Fed power shifts from Greenspan

April 08, 1994|By New York Times News Service

Without a vote or even a formal discussion, the Federal Reserve's top policy-makers are taking over the process of raising and lowering rates, rather than allowing their chairman, Alan Greenspan, to act on his own between meetings, as he often has in the past.

Several Federal Reserve officials, speaking on the condition of anonymity, described the new approach not as implying criticism of Mr. Greenspan, but as a sign of a growing reluctance to delegate authority to any single person.

In fact, both of the Fed's recent moves to raise rates, in February and March -- the first increases in five years -- were made by the policy-makers as a group in the face of faster economic growth and growing concerns about inflation.

The new approach to decision-making has evolved through consensus, and while it has not been made formal, neither has Mr. Greenspan challenged it.

It comes partly in response to pressures from Congress for the Fed's policy-makers to be more open and accountable for their actions.

"We are under enormous pressure from some quarters to stand up and be counted," a senior Federal Reserve official said, referring to congressional demands for more public disclosure of Fed deliberations. "This change we are making may be a halfway house for taking on that accountability as a committee rather than individually."

The Fed has said that its job has become more difficult because the economy is behaving in ways that traditional statistics are failing to measure adequately.

"If our national indicators were more reliable, there would not be as great a need for a collective decision, and we would be delegating more authority to the chairman," said Harvey Rosenblum, director of research at the Federal Reserve Bank in Dallas.

In the past, the policy-makers, collectively known as the Federal Open Market Committee, adopted directives that gave the chairman guidance.

Actual changes were almost always made by Mr. Greenspan in the six to eight weeks between meetings.

He either acted on his own, or after consulting with his colleagues in a telephone conference call, a practice that Wayne D. Angell, a Fed governor who resigned in February, described as less than satisfactory.

"It is difficult for the members to politely disagree in a conference call the way they can at the meetings," said Mr. Angell, whose views sometimes clashed with Mr. Greenspan's.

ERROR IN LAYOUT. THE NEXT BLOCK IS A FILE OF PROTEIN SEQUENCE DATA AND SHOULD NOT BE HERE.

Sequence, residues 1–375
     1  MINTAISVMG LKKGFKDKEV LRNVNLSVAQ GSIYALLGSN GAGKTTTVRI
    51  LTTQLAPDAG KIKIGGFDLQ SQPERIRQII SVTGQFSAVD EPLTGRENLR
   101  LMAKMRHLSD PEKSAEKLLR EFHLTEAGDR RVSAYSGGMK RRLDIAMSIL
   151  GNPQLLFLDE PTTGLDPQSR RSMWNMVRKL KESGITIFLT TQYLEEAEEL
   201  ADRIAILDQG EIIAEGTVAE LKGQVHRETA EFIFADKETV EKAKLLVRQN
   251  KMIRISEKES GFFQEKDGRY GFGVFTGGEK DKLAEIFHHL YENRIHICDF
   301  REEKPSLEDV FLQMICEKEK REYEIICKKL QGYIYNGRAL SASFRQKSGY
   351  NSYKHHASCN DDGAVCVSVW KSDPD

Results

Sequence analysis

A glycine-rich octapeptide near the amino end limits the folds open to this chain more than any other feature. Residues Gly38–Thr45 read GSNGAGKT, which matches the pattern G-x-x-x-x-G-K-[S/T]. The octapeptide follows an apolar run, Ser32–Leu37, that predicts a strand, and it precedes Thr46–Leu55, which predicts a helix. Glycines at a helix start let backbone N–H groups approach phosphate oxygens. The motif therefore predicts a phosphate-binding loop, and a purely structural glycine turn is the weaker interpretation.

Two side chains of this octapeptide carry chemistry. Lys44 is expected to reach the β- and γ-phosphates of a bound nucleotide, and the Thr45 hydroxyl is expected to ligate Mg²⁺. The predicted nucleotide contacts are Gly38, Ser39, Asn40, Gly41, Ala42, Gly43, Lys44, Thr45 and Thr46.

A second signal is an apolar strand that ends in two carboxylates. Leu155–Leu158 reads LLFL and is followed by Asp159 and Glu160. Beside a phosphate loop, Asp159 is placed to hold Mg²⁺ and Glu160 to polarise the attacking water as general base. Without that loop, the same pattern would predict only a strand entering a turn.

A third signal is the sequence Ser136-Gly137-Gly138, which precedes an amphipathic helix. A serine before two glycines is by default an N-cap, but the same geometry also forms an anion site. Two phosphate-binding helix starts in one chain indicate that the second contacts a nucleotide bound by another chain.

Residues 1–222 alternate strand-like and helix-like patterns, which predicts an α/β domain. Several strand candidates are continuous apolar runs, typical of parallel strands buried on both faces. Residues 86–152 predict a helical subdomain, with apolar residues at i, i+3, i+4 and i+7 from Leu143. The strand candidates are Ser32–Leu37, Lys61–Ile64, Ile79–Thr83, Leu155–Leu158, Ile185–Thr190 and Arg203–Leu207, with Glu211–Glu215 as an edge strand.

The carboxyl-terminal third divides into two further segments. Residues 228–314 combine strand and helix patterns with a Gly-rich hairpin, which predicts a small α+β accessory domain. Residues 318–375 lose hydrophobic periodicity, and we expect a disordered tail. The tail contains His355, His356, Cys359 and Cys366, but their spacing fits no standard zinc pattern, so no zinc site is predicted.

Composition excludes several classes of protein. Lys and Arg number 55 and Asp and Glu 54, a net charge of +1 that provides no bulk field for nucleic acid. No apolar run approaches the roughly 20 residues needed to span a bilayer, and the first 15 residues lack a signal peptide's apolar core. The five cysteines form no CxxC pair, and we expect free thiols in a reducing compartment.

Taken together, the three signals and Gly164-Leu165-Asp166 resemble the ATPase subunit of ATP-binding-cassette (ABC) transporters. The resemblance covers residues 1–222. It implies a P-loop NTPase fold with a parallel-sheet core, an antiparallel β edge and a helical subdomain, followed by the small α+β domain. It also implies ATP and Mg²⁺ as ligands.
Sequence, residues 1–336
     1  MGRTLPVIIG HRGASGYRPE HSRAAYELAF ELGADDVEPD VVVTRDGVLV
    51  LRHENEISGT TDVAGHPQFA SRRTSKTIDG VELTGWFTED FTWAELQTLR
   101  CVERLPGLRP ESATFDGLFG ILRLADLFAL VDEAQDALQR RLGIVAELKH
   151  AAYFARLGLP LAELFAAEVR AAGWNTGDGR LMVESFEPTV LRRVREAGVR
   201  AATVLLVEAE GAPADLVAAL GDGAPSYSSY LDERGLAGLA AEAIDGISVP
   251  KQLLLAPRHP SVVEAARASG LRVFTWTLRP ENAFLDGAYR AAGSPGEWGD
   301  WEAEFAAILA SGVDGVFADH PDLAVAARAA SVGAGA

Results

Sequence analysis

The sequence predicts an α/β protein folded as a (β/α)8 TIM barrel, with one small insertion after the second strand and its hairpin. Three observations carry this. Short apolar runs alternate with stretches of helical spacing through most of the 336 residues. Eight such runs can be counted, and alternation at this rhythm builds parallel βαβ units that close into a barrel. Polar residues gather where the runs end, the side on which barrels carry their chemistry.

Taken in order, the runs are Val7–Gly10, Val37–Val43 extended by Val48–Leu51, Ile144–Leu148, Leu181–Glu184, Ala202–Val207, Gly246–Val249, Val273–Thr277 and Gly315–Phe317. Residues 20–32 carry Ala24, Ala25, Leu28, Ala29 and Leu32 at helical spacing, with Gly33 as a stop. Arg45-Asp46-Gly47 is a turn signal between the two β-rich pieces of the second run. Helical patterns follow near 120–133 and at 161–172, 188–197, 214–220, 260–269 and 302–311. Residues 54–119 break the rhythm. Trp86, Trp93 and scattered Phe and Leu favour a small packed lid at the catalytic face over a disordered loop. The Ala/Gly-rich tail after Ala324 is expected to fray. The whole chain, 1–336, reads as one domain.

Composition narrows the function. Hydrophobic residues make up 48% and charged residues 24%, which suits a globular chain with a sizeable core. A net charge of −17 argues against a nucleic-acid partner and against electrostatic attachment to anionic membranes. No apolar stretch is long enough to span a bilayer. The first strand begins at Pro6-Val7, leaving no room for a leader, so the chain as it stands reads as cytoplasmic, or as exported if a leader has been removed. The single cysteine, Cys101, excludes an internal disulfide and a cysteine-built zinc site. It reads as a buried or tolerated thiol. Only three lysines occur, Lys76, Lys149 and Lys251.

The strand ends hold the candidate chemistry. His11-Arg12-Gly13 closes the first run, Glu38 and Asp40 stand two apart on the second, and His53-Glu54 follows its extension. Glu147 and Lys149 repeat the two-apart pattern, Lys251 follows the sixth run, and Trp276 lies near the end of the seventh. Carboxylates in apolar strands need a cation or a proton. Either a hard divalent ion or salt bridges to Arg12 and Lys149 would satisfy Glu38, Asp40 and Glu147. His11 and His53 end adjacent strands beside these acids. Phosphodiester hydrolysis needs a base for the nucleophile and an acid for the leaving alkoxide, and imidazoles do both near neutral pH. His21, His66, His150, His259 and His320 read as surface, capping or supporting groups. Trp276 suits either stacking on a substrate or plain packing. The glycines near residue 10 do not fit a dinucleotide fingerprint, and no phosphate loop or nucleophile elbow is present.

The directives adopted at each meeting are called, in Fed jargon, "symmetric" or "asymmetric."

An asymmetric directive toward higher rates, or toward lower rates,would give Mr. Greenspan the green light to move in the indicated direction, if he wished to do so between meetings, while a symmetric directive is effectively an instruction to leave interest rates alone.

Before the Fed's two recent moves, rate changes typically occurred in this fashion between meetings.

But significantly, the policy-makers voted at their Feb. 4 meeting to raise rates that day.

And instead of adopting an asymmetric directive to reflect their view that rates should be going up, they took the unusual step of adopting a symmetric one -- in effect, telling Mr. Greenspan not to act betweenmeetings. The March 22 meeting produced another vote to push up rates that day. The minutes of that closed-door meeting will not be published until May 20.

The new insistence on changing rates at meetings, and not between them, has inevitably raised speculation that some members of the Open Market Committee were losing faith in Mr. Greenspan.

That policy-making group is composed of Mr. Greenspan and the six other Fed governors based in Washington, as well as the presidents of the Fed's 12 regional banks.

Despite denials by many policy-makers, Mr. Angell said Mr. Greenspan had not always responded as all the policy-makers thought he should.

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